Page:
Snot is the reason I’m going to Zurich in March. Wait. It’s more complicated than that. It’s because of snot that I made a really cool friend in Iceland. Her name is Nina, she’s really fun, and I’ve been invited to stay at her house in Switzerland. All because of snot. I’m not making this up. I didn’t use it to save anyone’s life, like MacGuyver or anything. Stop a dam leak. Glue a couple car parts together to get a child to the hospital. Before you completely write me off, there’s a story here (there’s always a story).

July, 2015, in the high country, Iceland. There are twenty-four of us. Of those, one older American chick (me) and twenty (arrogant, and I’m being polite here) German dressage riders all in their early twenties. We are riding Icelandic horses through the cold, dry, windy high country on a rather epic adventure at a very fast pace. We’ve got a herd of some fifty horses ahead of us, our group is broken into two, I am in the back. We’ve just had a quick break to change out our animals which are fresh, and we are moving along at the swift tolt (an Icelandic gait as fast as a gallop). The herd throws up quite a bit of black dust which we must ride directly into for hours. Unless the wind favors us. Today it doesn’t. Iceland is plagued at high altitude with a kind of nasty black fly which climbs into the horses’ ears and eyes and noses, and also into ours, so most of us wear fine mosquito netting around our heads which we tuck into our jackets. Mine is elasticized and slightly green. Very fine. After about five minutes you are completely unaware of its existence.

Twelve of our party had gotten the sniffles. So did I. I also grew up on a farm. I am an athlete. If I get a noseful, I have no compunction about getting rid of it. It’s called “farmering.” You see NFL players do it on the sideline. It’s gross. It’s also hugely efficient. When you are riding at speed, and you need to use both hands on both your reins, and can only spare half a second to clear your nose, this works. I don’t care about appearances, it works. About forty minutes into our three-hour ride towards lunch, I couldn’t breathe anymore. So I assumed the position, affixed index finger to my right nostril and blasted out a loogey. Right into the mosquito netting in front of my left cheek. Where it hung, and began to bounce. Ominously.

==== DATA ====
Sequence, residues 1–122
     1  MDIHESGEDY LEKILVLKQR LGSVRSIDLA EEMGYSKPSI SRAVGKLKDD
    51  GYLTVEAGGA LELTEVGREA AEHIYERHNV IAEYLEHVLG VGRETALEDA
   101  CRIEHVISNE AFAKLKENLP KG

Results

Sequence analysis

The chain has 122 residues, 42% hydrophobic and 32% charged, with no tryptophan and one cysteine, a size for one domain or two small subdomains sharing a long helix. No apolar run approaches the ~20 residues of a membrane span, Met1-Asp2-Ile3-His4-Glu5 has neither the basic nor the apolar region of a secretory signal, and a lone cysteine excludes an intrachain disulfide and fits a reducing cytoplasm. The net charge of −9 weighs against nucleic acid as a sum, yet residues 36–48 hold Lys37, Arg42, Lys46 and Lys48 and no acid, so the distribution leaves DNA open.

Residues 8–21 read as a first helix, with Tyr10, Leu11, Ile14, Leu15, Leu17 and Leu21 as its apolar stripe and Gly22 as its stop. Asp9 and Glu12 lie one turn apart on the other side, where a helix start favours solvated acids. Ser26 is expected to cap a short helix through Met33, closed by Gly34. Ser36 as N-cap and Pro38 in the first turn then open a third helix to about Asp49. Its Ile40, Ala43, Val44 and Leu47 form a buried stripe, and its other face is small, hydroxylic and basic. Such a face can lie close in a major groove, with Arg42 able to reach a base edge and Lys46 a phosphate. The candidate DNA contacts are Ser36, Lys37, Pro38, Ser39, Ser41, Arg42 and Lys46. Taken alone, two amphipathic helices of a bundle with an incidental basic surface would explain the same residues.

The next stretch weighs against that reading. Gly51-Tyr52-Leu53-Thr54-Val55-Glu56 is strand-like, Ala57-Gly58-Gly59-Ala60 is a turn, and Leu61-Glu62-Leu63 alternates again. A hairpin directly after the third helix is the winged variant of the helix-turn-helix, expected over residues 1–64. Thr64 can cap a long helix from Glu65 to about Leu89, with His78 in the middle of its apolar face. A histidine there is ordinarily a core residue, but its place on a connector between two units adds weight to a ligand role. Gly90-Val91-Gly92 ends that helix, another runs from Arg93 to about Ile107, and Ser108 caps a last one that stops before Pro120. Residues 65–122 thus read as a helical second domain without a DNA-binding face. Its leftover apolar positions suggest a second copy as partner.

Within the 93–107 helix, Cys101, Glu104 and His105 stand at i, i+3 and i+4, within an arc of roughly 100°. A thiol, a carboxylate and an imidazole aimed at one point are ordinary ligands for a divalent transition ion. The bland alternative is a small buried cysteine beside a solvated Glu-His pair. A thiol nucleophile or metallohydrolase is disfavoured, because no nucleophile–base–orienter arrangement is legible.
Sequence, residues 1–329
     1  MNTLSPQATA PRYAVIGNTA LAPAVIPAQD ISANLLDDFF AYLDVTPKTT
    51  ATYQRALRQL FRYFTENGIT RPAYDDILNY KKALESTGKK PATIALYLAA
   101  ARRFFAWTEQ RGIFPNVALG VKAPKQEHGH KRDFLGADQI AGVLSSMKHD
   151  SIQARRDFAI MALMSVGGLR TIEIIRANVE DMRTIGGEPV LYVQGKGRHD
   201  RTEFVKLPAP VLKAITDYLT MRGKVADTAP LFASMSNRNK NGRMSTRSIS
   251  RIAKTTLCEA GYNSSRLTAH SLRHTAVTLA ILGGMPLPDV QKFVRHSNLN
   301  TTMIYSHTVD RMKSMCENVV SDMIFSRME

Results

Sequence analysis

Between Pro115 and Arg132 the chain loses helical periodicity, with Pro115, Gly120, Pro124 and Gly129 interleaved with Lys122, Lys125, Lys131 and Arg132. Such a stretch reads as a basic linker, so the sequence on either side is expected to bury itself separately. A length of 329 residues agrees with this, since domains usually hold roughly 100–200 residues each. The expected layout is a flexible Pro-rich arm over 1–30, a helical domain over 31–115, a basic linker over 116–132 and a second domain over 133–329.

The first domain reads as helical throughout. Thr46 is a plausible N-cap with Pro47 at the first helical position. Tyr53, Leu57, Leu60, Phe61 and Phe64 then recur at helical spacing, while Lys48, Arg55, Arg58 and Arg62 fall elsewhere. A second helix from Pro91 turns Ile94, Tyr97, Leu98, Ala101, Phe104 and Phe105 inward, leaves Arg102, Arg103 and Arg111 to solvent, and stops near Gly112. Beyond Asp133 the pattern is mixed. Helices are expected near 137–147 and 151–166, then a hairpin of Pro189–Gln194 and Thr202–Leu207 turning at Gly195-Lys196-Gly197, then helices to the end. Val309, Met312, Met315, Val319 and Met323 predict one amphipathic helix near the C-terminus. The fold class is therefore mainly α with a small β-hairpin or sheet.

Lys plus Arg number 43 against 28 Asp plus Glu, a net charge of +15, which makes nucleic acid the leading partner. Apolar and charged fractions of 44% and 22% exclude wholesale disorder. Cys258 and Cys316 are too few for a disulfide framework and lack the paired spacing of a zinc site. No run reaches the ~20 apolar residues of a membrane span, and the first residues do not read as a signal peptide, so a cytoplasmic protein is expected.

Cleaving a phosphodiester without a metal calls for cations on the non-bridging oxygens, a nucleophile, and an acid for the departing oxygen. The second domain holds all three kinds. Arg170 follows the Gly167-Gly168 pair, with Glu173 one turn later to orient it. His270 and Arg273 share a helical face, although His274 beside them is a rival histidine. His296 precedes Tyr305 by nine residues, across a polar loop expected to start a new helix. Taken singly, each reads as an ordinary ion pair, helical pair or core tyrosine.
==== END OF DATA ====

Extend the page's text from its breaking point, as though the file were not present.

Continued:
I was surrounded by many other (young, arrogant, German) riders who were utterly devoid of humor. So natch, I got a serious case of the giggles. I couldn’t stop my horse, we were tolting up and over all manner of difficult obstacles at serious speed. I had to pay very close attention to my ride. We were moving fast. So, unfortunately, was this massive lung oyster. Right down the mosquito netting towards the inside of my turtleneck. No way. Several riders came up next to me and peered at my face, where my throat rocket was collecting some of the considerable dust that filled the air. I waved them away and bit my tongue. Tears were rolling down my cheeks.

The loogey, easily the size of the District of Columbia (the analogy is apt), slid lower, getting ready to kayak into my undergarments. The more I bounced, the further it slid like an evil black slug. I was desperate. I had to make an EXECUTIVE DECISION. I slapped that gooey bastard flat on my cheek, where it mashed the netting and the dirt together into black jello. Now I had a flat slimey dirt loogey the size of Rhode Island nearly at my chin, but at least I had ceased its further progress. My turtleneck was saved. German riders peered at me, huffed their lofty disapproval. I was in hysterics. It was two hours before I could rescue some wet wipes out of my saddle bag and find a private spot to clean up and laugh out loud. My ribs hurt.

After leaving this group and promptly joining another eight days later – I had scheduled three rides back to back with Eldhestar- I found myself in the company of yet another large group of German riders. Not so young, and none dressage-trained. In other words, human. And lovely Nina, who was Swiss. On our first day, as we were heading out, I told them the traveling loogey story. Nina giggled so hard she nearly fell off her horse. We made instant friends. In fact the whole group and I had a superb time, as the first group of Germans had proven such rich fodder for stories about Women Who Can’t Laugh. She and I have stayed in touch, and shortly after our election, she invited me to come to Zurich. I’ve learned “snot” to take myself seriously. As a result I will be enjoying Zurich, and Nina’s friendship this March. It’s remarkable how a little goo becomes the glue to make new friendships.